After Grandmére Ursule gives her life to save her tribe, her magic seems to die with her. Even so, her family keeps the Old Faith, practicing the spells and rites that have been handed from mother to daughter for generations. Until one day, Ursule’s young granddaughter steps into the circle, and magic flows anew.
From early 19th century Brittany to London during the Second World War, five generations of witches fight the battles of their time, deciding how far they are willing to go to protect their family, their heritage, and ultimately, all of our futures.
This book was a bit unexpected but I ended up liking it a lot. I’ll admit that part of the unexpected bit is because I’m terrible about reading blurbs haha. If I had I would have known more going in. 🙂
So, let me first talk about the structure of the book because I think that was the most intriguing thing for me. This is a story that starts back in the early 1800s with a group of women and their families that have moved from France into England in order to escape persecution. They come from a long family line of witches. We follow the youngest sister and the story of her life. Then we go to following her daughter as she grows up and her own trials and tribulations. And then her daughter’s daughter. And so on. We go through the generations all the way up through WWII. Now, this much is revealed by the blurb. But it’s interesting that each of these sections, detailing the lives of a particular woman, are more like interconnected shorts than one continuous story. And that the protagonist in one may be an antagonist in another. Each of these stories felt consistent in the way they were told, despite the protagonists very much being their own characters with their own flair for life which helped hold the book together as a whole.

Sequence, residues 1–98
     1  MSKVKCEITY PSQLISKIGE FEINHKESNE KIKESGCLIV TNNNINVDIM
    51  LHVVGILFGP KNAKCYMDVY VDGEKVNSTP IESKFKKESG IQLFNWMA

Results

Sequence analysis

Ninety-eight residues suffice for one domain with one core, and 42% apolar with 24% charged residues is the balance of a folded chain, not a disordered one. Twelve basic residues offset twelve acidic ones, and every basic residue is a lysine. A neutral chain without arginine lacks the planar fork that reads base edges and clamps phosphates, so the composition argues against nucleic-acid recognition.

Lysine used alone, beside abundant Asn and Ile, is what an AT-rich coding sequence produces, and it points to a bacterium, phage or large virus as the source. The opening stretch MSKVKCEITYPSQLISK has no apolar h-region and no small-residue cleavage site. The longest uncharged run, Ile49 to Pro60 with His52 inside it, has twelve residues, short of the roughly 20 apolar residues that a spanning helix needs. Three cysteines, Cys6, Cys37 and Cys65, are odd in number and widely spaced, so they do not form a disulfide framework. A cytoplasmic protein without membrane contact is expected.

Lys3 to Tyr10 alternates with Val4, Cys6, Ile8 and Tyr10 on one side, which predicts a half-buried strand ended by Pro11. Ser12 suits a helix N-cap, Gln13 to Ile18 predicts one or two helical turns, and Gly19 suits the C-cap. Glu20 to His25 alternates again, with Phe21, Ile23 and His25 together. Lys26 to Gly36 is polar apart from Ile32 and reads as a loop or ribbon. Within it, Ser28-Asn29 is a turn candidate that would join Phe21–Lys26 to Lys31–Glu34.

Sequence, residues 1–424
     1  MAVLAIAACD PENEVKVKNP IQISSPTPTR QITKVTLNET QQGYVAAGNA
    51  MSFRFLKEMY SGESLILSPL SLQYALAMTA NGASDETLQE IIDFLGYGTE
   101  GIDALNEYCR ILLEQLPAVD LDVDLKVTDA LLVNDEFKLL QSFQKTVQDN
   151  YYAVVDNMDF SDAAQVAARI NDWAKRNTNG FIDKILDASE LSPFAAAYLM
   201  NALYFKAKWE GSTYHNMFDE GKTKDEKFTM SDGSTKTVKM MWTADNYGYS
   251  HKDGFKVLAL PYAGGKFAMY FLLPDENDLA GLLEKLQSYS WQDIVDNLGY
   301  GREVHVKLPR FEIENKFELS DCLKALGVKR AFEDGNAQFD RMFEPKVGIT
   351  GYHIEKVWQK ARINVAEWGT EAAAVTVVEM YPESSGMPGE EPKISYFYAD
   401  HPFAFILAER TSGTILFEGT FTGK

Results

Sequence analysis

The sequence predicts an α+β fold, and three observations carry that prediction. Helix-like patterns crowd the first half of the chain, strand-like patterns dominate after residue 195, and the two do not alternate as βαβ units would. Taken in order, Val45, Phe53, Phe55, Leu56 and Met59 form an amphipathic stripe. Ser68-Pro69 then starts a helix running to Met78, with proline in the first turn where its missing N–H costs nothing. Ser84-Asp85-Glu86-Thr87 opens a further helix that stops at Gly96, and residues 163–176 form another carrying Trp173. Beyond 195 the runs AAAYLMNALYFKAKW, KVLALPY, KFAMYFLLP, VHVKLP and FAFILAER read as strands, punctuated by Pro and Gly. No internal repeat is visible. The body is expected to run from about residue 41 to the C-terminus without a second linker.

I love that this book centered women protagonists, keeping them at the heart of the story. It also showed many different kinds of women and that all women have the same hopes and dreams or want to play the same roles in life. Although, if I’m being 10% honest it could have taken that even further. One of the things that I didn’t love is how the magic, something in their blood, was something that was always going to dictate certain things in their lives. Parts of it was inescapable for them. The need to have a daughter and pass on the knowledge of the craft was almost like something that was against their will. I also have many feelings about gender based magic in that, basically, it sucks. I don’t understand why the men didn’t also inherit this craft. I get that it’s a story about women but women weren’t the only ones persecuted as witches so…. this just feels like lazy writing to me in some ways.
Because of the way this book is structured as a bunch of shorts strung together the pacing is a little all over the place in that it doesn’t build to a single climax and there’s many more slice of life moments sprinkled throughout the stories. This was okay for me because I don’t always need books to go about things in the usual ways. Also, I do enjoy some good slice of life moments.
Overall, I thought this was a pretty good read! I’m not sure exactly what I expected with this book but I’m mostly glad with what I found here. Will definitely read more of Louisa Morgan’s witch books in the future. 3.5/5 stars.